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Ferne Yangyeitie Caulker

Dancer, choreographer, artist and educator Ferne Yangyeitie Caulker was born on August 9, 1947, in Sierra Leone, Africa. Caulker studied with the National Dance Company of Ghana at the University of Ghana, Legon, then returned to the United States.

In 1969, Caulker founded the Ko-Thi Dance Company after returning from Ghana. The company was created to develop, educate, showcase and preserve African, Caribbean and African American dance and music. In the beginning, the company’s entire repertoire was created by Caulker. However, through the years, she developed and nurtured veteran choreographer/dancers and musicians who now contribute into the repertoire. Over the past thirty years, Caulker has developed a cadre of commissioned works by master dancers and musicians from throughout the African Diaspora.

Caulker began teaching at the University of Wisconsin-Milwaukee in 1971, creating the University’s first courses covering African, Caribbean and African American dance technique and history. Caulker then became a full professor at the University of Wisconsin-Milwaukee’s Dance Department.

Since 1981, Caulker and the Ko-Thi Dance Company have created major full length evening works, collaborating with various international artists from across world cultures, (East Indian, Irish), and cross disciplines, (Jazz and the spoken word), merging cross cultural forms such as the South African 'Boot Dance' and Tap. In 1995, Caulker received a Fulbright Research Fellowship, which allowed her to study in Tanzania, East Africa, for three months. While doing her own research, Caulker also taught at the University of Dar es Salaam, lectured children in the Arusha United African American Cultural Center and assisted a UWASA cultural group. In 1999, Caulker served on the Blue Ribbon Commission on the Arts in Education for the Wisconsin State Superintendent, and the following year, served for the National Endowment for the Arts 2000 Dance panel. She has proudly served on the Board of Directors of the Wisconsin Arts Board.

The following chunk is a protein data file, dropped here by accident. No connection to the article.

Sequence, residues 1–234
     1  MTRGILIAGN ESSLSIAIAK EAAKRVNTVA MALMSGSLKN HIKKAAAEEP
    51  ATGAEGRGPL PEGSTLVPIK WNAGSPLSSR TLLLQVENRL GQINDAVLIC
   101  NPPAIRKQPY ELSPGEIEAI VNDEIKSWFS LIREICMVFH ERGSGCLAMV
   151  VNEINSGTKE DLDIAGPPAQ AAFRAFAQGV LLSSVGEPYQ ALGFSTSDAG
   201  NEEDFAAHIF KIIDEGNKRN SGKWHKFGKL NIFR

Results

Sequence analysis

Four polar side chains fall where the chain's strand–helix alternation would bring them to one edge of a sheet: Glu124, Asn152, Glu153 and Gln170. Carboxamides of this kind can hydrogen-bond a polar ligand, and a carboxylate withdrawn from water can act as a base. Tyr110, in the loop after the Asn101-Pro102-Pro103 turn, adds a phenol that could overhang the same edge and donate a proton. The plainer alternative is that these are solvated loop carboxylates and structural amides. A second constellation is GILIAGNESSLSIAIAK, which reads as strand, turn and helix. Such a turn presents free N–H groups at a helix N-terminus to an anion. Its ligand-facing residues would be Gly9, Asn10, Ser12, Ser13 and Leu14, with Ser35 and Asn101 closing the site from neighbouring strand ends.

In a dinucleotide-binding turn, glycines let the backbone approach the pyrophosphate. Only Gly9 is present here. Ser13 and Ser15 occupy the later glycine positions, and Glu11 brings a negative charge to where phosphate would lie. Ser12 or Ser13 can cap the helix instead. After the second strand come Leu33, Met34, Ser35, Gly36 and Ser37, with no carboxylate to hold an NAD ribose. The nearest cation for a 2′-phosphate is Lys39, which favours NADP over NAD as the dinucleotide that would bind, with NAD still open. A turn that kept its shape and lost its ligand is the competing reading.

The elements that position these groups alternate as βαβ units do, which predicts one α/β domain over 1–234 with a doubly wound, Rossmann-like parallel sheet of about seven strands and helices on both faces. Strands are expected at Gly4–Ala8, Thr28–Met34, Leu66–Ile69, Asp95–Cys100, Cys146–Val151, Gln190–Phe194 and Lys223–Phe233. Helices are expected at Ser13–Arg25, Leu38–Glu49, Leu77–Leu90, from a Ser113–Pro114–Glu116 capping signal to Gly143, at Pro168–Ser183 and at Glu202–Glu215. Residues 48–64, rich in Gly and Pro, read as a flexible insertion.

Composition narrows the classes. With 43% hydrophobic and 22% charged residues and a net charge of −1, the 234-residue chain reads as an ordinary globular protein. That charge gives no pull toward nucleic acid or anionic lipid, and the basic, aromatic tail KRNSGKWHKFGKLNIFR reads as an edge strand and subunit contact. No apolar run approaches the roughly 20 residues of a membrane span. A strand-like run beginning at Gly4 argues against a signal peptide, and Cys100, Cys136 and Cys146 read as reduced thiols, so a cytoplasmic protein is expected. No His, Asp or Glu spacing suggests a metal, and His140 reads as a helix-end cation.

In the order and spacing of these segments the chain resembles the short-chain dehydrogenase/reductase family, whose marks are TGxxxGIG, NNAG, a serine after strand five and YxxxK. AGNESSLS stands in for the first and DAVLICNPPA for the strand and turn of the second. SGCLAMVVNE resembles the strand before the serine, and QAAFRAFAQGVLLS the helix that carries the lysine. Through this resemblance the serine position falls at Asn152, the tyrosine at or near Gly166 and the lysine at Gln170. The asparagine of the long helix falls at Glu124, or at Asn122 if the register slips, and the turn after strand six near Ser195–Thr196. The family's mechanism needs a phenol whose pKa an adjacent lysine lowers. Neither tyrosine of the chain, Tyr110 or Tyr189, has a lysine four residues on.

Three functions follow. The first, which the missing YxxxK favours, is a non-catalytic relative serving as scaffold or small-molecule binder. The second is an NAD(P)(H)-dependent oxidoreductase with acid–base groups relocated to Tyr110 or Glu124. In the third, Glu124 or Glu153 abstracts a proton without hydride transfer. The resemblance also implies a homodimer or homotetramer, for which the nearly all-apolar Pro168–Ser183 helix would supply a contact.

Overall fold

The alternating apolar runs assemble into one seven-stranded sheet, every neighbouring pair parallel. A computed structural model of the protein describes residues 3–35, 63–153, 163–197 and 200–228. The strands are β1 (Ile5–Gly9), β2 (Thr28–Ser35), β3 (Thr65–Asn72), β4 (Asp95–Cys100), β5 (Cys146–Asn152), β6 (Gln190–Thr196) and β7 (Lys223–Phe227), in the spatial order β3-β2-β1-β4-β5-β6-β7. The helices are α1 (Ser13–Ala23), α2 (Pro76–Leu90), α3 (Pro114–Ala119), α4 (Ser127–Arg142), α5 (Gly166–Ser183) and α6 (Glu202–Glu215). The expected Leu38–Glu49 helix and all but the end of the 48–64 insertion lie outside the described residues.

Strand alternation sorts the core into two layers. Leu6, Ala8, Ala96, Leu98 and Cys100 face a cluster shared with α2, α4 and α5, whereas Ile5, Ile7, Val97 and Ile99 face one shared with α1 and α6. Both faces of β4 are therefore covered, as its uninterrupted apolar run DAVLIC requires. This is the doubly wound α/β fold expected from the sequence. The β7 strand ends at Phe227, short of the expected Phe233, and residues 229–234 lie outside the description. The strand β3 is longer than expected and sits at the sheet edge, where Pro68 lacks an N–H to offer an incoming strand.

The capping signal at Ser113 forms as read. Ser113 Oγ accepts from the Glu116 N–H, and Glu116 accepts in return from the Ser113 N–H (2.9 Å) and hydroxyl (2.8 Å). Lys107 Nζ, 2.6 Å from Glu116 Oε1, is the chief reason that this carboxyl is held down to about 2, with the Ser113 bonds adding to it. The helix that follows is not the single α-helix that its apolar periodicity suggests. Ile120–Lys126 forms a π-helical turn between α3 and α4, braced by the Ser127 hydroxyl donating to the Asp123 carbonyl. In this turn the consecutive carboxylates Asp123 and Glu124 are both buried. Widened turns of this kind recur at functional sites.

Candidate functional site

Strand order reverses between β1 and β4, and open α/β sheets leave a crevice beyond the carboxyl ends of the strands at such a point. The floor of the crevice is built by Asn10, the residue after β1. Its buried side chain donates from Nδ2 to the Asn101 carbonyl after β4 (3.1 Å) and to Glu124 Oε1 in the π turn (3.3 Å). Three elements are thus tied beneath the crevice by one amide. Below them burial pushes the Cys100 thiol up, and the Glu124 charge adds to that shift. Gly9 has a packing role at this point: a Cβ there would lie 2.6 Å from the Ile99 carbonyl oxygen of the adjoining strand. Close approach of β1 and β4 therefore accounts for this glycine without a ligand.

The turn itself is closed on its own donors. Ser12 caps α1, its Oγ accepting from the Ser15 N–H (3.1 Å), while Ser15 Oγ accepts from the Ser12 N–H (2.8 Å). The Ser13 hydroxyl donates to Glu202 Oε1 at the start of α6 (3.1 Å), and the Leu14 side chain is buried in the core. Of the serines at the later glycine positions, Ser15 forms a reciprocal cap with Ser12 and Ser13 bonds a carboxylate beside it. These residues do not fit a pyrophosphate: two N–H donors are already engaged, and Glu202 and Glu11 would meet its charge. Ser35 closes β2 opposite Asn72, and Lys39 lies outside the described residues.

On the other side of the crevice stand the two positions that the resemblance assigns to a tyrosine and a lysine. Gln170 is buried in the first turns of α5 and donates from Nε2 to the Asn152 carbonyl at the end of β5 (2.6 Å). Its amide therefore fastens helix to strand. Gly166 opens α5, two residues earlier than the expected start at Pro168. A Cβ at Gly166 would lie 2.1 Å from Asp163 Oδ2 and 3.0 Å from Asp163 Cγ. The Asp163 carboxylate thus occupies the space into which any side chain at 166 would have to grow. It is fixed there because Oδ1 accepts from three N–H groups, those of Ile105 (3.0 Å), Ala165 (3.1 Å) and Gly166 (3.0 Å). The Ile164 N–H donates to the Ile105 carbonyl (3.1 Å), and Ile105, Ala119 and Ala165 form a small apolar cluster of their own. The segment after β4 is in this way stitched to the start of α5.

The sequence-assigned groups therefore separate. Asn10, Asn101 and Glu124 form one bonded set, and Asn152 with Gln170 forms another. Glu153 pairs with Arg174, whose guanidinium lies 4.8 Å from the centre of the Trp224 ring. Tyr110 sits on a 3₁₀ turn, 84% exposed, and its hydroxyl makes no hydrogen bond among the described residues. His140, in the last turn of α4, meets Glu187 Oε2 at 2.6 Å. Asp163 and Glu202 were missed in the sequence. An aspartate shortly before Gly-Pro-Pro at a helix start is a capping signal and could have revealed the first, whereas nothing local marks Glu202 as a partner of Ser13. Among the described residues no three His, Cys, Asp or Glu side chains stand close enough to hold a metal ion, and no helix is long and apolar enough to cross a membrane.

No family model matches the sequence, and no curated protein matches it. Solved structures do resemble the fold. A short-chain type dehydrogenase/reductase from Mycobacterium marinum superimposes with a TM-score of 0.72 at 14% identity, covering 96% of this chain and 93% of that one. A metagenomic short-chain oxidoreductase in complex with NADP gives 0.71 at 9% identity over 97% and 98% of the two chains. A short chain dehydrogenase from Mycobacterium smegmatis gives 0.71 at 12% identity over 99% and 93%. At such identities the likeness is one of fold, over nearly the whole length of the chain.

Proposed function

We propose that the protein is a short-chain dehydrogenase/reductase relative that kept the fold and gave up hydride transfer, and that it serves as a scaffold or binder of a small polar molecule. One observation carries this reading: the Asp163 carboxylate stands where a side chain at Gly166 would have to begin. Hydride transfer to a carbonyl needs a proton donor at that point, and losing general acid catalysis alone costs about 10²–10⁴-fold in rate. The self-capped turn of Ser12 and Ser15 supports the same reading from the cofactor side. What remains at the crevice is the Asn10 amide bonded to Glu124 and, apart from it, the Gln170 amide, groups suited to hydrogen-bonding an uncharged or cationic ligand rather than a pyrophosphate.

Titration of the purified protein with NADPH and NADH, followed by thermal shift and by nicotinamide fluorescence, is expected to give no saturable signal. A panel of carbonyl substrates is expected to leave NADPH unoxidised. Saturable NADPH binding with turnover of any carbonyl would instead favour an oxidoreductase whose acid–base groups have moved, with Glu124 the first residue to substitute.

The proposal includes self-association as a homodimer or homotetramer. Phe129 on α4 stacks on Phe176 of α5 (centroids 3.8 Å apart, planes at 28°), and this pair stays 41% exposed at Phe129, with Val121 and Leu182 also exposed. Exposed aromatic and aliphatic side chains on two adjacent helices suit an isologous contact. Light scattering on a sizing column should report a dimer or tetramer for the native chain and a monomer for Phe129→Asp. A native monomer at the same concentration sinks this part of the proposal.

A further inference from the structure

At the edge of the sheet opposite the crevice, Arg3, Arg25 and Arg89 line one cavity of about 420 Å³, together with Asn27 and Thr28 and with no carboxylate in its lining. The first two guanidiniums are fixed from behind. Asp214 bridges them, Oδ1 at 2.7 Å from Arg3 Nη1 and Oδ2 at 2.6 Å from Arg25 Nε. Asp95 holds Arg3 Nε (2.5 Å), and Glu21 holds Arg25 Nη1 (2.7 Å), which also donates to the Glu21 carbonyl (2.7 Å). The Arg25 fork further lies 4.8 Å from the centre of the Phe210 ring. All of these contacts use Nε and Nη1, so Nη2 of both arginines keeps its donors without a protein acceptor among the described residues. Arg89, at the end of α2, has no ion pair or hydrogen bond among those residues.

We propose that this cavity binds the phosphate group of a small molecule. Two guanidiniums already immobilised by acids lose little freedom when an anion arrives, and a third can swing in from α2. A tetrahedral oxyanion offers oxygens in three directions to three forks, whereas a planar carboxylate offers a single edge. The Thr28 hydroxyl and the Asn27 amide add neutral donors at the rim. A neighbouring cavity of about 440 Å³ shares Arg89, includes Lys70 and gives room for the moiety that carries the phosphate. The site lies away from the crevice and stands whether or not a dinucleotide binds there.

Accession Number

A2007.336

Sex

Female

Interview Date

11/30/2007

Last Name

Caulker

Maker Category
Middle Name

Yangyeitie

Organizations
Schools

Custer High School

Annie Walsh Memorial School

West Cornwall School for Girls

University of Wisconsin-Madison

University of Wisconsin-Milwaukee

Search Occupation Category
First Name

Ferne

HM ID

CAU01

Favorite Season

Fall, Summer

Favorite Vacation Destination

None

Favorite Quote

God Doesn't Give You Anything You Can't Handle.

Bio Photo
Speakers Bureau Region State

Wisconsin

Birth Date

8/9/1947

Speakers Bureau Region City

Milwaukee

Country

Sierra Leone

Favorite Food

Crane-Crane, Cussava Leaf

Short Description

Choreographer, dance professor, and dancer Ferne Yangyeitie Caulker (1947 - ) was the founder and director of the Ko-Thi Dance Company. She began her teaching career at the University of Wisconsin-Milwaukee in 1971, creating the University’s first courses that covered African, Caribbean and African American dance techniques and history.

Employment

Ko-Thi Dance Company

Favorite Color

Orange

Timing Pairs
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DAStories

Tape: 1 Story: 1 - Slating of Ferne Yangyeitie Caulker's interview

Tape: 1 Story: 2 - Ferne Yangyeitie Caulker lists her favorites

Tape: 1 Story: 3 - Ferne Yangyeitie Caulker describes her mother's family background

Tape: 1 Story: 4 - Ferne Yangyeiete Caulker talks about her maternal grandparents

Tape: 1 Story: 5 - Ferne Yangyeitie Caulker recalls her early awareness of racial discrimination

Tape: 1 Story: 6 - Ferne Yangyeitie Caulker describes her father's family background, pt. 1

Tape: 1 Story: 7 - Ferne Yangyeitie Caulker describes her paternal ancestry